A mezzanine floor is a practical, cost-effective floor that can benefit your business by keeping it productive and running efficiently.
What is it?
A mezzanine floor is a smaller floor that is located between the main floors of a building. It may only extend partway across on come out of one side of the building. This means the floor doesn't cover the whole area and thus, isn't considered one of the main floors.
Typically, the mezzanine floor and the floor below share a ceiling, because a mezzanine floor doesn't extend to the entire area of the building.
Types of Mezzanine Floors
Generally, a mezzanine floor extends out of a building's internal walls. Industrial mezzanines, however, may not require this aesthetic quality. Many warehouses and other industrial businesses construct a free-standing mezzanine floor that is held up by metal columns which extend from the floor. Stairs or a lift can then be attached for access if needed.
This allows for much more freedom in constructing a mezzanine floor in a warehouse or industrial application. Complex and expensive construction work is not required, as stand-alone mezzanine may be built to any size and assembled right in the building's desired location.
Benefits of a Mezzanine Floor
The primary benefit of a mezzanine floor is that it creates a substantial amount of space without the need for additions or construction on the building itself. Flooring can be assembled into the existing building, which is cost-effective and convenient.
This saves you and your business operations to have to move to a bigger building, or constructing a new floor, which could be cost-prohibitive. Mezzanine flooring is one of the most cost-efficient and productive ways to expand the floor space of your factory or warehouse.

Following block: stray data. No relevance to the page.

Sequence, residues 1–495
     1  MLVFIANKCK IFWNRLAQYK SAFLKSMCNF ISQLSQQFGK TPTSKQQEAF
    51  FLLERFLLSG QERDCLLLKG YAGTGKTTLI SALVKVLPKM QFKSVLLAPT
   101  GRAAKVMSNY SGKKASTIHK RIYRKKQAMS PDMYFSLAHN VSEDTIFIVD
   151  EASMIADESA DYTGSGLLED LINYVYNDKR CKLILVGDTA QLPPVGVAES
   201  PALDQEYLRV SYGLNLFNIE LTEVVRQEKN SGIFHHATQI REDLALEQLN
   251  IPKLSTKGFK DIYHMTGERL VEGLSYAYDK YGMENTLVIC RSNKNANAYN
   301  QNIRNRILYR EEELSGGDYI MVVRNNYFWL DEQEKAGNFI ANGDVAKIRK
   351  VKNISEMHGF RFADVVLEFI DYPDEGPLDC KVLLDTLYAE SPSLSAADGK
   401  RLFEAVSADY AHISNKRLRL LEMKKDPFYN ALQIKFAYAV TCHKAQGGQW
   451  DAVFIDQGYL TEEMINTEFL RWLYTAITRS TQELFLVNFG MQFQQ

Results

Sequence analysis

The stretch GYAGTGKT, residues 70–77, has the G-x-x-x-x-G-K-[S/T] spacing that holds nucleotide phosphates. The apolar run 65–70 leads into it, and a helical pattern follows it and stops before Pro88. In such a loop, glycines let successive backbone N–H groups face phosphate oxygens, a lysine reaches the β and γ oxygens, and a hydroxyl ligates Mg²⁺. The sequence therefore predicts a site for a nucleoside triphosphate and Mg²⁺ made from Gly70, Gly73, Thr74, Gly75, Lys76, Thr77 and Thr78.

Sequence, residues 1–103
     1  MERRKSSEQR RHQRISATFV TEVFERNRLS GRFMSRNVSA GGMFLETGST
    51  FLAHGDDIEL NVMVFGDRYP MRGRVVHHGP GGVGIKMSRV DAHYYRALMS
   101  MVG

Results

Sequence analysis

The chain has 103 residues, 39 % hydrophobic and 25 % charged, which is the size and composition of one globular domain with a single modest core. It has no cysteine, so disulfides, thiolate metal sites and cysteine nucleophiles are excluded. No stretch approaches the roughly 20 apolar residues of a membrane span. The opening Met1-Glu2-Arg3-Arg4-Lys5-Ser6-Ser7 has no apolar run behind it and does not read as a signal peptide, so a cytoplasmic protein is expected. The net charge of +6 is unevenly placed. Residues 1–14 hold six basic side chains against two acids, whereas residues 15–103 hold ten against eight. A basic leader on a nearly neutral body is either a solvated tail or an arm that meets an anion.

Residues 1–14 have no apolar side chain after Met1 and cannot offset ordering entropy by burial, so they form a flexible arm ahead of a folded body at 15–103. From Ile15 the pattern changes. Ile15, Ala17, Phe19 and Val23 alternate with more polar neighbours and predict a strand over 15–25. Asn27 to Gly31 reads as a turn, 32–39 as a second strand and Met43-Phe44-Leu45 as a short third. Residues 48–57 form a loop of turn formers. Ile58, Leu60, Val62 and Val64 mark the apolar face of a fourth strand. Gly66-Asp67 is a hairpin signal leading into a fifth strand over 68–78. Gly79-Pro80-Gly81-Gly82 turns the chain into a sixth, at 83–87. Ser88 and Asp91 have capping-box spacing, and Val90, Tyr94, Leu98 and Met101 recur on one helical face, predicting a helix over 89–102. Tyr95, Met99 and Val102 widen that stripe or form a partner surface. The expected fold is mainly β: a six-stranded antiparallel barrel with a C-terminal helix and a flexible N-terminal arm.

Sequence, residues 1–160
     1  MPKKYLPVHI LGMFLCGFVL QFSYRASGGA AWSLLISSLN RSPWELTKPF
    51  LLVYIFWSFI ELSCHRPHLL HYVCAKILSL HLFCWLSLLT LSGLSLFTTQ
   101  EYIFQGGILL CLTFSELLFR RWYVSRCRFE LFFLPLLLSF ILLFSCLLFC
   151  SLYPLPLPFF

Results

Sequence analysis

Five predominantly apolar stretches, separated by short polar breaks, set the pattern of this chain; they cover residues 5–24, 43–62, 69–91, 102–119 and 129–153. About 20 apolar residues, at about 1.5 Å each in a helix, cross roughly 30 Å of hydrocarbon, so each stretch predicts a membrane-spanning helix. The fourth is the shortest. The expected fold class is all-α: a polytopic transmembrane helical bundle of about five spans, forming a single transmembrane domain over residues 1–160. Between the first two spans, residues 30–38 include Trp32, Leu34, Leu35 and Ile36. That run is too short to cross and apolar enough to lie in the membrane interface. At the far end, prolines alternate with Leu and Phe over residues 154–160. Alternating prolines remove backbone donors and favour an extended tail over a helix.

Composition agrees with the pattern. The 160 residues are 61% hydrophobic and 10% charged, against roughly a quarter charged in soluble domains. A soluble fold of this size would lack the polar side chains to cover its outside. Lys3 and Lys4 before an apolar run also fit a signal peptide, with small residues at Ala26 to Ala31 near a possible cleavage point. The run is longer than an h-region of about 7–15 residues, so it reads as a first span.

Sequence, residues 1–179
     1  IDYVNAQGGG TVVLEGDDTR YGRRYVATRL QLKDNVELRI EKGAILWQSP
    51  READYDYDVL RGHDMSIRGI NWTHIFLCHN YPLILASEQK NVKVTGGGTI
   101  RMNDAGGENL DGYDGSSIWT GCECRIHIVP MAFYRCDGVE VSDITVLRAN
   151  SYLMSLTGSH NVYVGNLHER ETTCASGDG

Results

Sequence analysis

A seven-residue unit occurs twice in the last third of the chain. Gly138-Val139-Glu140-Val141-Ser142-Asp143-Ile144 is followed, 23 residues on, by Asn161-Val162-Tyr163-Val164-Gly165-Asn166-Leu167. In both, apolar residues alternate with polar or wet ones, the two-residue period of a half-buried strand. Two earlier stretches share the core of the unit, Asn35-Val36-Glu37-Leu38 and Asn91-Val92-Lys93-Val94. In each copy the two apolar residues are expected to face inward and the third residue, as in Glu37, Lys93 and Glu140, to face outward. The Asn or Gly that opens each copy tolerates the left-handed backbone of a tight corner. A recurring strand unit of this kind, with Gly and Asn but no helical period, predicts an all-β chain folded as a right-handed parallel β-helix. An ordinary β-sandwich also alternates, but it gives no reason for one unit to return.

These floors are particularly useful if you have a tall building with lots of vertical space. You can make use of the overall volume without having to construct major changes to the floor below.
How Mezzanine Floors are Used
There are several ways these floors can be used within your business operations. Some of them are
- Office space
- Work space
Limitations on a Mezzanine Floor
If you're considering a mezzanine floor for your building, it's important to consider how much vertical space you have available. The ceiling must be able to handle two floors with ample head room for staff and equipment.
Support columns must also be considered, as to how they interact with the underneath floor. For example, the columns may obstruct equipment or machinery that needs to move throughout the floor.
Mezzanine floors are definitely a cost-effective approach to creating more space and saving your business money by not having to move to another location or constructing an expensive addition.